In this respect, most intussusceptions involving the small intestine runs from benign lesions secondary, especially lipoma (tumour of fatty tissue), leiomyoma, hemangioma, Meckel's diverticulum, among others, often from malignant lesions around 15% [4]. On the other hand, the etiology involving invaginations of the large intestine are fundamentally caused by neoplasms, malignant totaling over 65% of cases [15].

The exact mechanism that precipitates intestinal intussusception is uncertain, however, it is believed that an injury or irritating the intestinal wall in the lumen can alter the normal peristalsis being able to begin the process of invaginaçao [15].

Clinically there is a predominance of abdominal pain, nausea and vomiting around 78% of pacients [16-18], with lower incidence of complaints related to melena, weight loss and constipation intestinal4. Thus, the need for additional tests for diagnosis is crucial, with greater emphasis on the use of abdominal radiographs, abdominal ultrasound and computed tomography of the abdomen and pelvis that has an accuracy between 58 and 78% [19,20], with is consider the best exam.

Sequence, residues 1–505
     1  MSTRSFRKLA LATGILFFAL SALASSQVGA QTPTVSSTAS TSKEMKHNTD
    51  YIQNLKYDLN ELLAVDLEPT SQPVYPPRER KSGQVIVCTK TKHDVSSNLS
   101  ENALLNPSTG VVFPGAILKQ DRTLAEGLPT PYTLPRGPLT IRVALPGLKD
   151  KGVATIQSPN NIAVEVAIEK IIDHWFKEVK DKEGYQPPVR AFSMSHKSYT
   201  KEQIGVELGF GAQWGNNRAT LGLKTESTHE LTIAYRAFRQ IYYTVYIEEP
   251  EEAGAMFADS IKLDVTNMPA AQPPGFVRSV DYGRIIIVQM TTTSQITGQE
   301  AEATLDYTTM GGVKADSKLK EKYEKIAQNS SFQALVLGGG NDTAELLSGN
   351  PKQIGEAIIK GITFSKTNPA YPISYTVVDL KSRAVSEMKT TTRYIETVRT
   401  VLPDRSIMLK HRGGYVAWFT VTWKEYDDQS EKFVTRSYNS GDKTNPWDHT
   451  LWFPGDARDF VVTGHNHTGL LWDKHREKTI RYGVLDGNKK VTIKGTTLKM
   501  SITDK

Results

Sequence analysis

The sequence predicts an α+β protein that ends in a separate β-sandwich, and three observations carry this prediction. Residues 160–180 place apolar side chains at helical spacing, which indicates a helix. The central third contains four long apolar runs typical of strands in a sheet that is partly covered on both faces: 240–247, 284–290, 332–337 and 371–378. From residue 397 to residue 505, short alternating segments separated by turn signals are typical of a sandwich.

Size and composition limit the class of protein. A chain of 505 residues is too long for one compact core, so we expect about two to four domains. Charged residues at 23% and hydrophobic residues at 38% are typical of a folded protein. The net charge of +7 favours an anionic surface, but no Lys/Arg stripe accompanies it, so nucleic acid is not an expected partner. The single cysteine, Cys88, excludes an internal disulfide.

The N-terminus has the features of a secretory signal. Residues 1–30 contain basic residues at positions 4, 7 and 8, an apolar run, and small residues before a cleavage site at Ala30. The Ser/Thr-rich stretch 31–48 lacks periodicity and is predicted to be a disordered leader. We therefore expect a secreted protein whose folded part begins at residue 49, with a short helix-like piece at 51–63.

In these cases one can obtain practically a tomographic image pathognomonic intestinal intussusception where there is a tissue mass with an eccentric area composed of fatty tissue density and visualization of the mesenteric vessels to suffer from an infarction4 configuring an image target or likely kidney [21].

Yakan et al. [5] reported retrospectively their cases of 20 adult patients operated on for intestinal intussusception between 2000 and 2008. The average age was 47.7 years, ranging between 21 and 75 years and 11 patients were female (55%). Abdominal pain is the most common symptom (85%) followed by nausea (75%) and vomiting (70%) with mass palpation for evidence of only 5% of cases.